At the end of their deliberations in Etsu Nupe’s palace Bida, a verdict was read out by the Etsu Nupe of Bida himself, Alhaji Yahya Abubakar, saying Masaba should divorce 82 out of the 86 wives within 48 hours or leave the entire Nupe Kingdom as his safety could not be guaranteed within the kingdom.

The controversial polygamist, however, remained defiant, adding “If God permits me, I will marry more than 86 wives.

“A normal human being could not marry 86, but I can only do by the grace of God. I married 86 women and there is peace in the house.  If there is peace, how can this be wrong”, he queried.

“A man with ten wives would collapse and die, but my own power is given by Allah. That is why I have been able to control 86 of them,” he added.

The argument of the late Masaba was that he did not pursue any of his wives. Rather, they all sought him out due to his reputation as a healer. Many of his wives were much younger than he was. Even a few were younger than some of his elder children. Notwithstanding, the wives claimed that he was a good husband and father.

According to the injunction of the holy Quran, a man can marry four wives. But Bello maintained that since the Quran set a law, it must also set a punishment for offenders. But in this case of marrying more than four wives, he argued, no punishment was given.

Before his trial at the Sharia court, the Niger State Police command gave the super polygamist of Bida a clean bill, declaring that nothing incriminating was found in the house of the controversial husband of 86 wives. “We found nothing incriminating in his house. There was no knife, no pistol or skull in his house when we went to invite him to the headquarters for a chat”, the head of the police team that arrested him declared.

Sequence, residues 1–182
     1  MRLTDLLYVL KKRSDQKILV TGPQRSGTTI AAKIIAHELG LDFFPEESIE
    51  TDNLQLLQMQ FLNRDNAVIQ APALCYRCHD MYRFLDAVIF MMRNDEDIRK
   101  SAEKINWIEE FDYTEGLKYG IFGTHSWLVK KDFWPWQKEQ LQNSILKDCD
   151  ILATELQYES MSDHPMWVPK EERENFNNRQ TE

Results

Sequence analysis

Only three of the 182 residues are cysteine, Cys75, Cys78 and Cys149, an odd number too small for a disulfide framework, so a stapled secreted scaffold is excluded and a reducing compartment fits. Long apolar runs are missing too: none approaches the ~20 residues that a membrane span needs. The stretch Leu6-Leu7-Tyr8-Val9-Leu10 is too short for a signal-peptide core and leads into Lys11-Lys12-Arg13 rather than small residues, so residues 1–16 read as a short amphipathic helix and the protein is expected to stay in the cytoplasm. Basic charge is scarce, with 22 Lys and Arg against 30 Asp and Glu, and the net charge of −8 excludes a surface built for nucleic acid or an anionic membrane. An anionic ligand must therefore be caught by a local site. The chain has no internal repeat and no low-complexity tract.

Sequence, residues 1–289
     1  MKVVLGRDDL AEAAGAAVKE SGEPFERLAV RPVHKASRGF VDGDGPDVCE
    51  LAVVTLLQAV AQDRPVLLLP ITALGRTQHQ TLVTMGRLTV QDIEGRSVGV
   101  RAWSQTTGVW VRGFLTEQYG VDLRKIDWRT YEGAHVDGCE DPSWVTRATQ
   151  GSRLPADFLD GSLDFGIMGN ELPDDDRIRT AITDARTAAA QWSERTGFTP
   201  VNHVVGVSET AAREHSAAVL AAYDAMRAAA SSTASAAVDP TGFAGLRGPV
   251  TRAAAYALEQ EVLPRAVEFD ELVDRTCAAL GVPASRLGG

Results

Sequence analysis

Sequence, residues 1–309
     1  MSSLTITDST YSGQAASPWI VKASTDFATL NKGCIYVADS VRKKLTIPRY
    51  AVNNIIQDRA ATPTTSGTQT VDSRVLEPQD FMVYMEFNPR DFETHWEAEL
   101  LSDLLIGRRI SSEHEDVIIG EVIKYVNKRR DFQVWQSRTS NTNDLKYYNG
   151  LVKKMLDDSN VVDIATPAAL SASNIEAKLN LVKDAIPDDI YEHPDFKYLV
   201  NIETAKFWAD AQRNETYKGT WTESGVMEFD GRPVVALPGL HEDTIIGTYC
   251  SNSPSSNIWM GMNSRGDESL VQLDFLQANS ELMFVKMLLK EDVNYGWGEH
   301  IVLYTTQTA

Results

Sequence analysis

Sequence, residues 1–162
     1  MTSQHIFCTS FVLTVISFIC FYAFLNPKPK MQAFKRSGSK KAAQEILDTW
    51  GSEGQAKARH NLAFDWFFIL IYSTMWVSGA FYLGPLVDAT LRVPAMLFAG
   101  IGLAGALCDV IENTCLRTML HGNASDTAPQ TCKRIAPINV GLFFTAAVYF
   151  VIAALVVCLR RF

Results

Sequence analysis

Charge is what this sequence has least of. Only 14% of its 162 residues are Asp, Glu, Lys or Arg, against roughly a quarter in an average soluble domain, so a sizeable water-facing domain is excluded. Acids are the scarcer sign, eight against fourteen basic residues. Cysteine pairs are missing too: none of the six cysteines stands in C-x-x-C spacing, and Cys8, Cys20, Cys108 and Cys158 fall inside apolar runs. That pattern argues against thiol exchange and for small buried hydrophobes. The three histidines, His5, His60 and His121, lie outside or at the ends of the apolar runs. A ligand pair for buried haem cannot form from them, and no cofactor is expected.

While being kept in detention at the Minna Prison, an Upper Sharia Court in Minna, presided over by Justice Alhaji Abdulmalik Imam, on 6 October 2008 transferred the case of Masaba to a Chief Magistrate’s Court in Minna for lack of jurisdiction. This action drew sharp reactions from some Muslims leading to mass protest against the court’s decision.

Thereafter, on November 12, 2008, a Federal High Court sitting in Maitama, Abuja, ordered the release of Masaba from detention in Minna Prison with immediate effect. The trial judge, Justice G.O. Kolawole, attached no condition to his release. The judge also ordered the then Inspector General of Police, Mr Mike Okiro, to ensure protection of Masaba’s fundamental  rights to life, liberty and privacy, as enshrined in the 1999 Constitution of the Federal Republic of Nigeria. In July 2011, Dr. Muazu Babangida Aliyu, the governor of Niger State, in justifying the position of Masaba’s refusal to divorce any of his wives, said “though we have Sharia in place in the state, but we have no law to pin him (Masaba) down”.

The then attorney general and commissioner for Justice, Niger state, Adamu Usman, disclosed that various attempts to prosecute Masaba ran into hitches because there was no provision in the law of the state to effect his prosecution.

Until his demise on January 27, 2017, Alhaji Muhammadu Bello Abubakar Masaba Bida had lived peacefully as a law-abiding citizen of Nigeria in his hometown, Bida, with his 203 wives and 103 children.


October 22, 2015


Thursday, October 22, 2015



Ex-president Olusegun Obasanjo in his controversial biography ‘My Watch’ has named his…|By

Women That Had Relationships With Ex-president Obasanjo

Clement Ejiofor 2 months ago 1215

Ex-president Chief Olusegun Obasanjo in his controversial biography ‘My Watch’ has named his 21 children, but didn’t list their mothers.
Meanwhile, Encomium Weekly discloses the names of the mothers of Obasanjo’s children and other women that had romances with the two-time president of Nigeria.
1. Oluremi Obasanjo
Obasanjo married with his first wife on June 22, 1963, at Camberwell Green Registry, South East London.
Oluremi was only 21. She is the mother of six of the 21 children of the ex-president.
They include Senator Iyabo Obasanjo, who was born on April 27, 1967; Busola Obasanjo, who was born on November 5, 1968; Olusegun Obasanjo, the first son, who was born on November 4, 1969; Olugbenga Obasanjo, who was born in 1971; Enitan Obasanjo, who was born on September 24, 1975 and Damilola Obasanjo, the last of the woman’s children who was born in 1982.
2. Stella Obasanjo
The late former Nigeria’s First Lady died on Sunday, October 23, 2005, in Spain after an unsuccessful tummy tuck surgery. She had only a child, Olumuyiwa Obasanjo, who was born in 1977, for Obasanjo.
3. Gold Oruh
An ex-director of Nigerian Television Authority met the ex-president as a reporter during the civil war in Port Harcourt, Rivers state.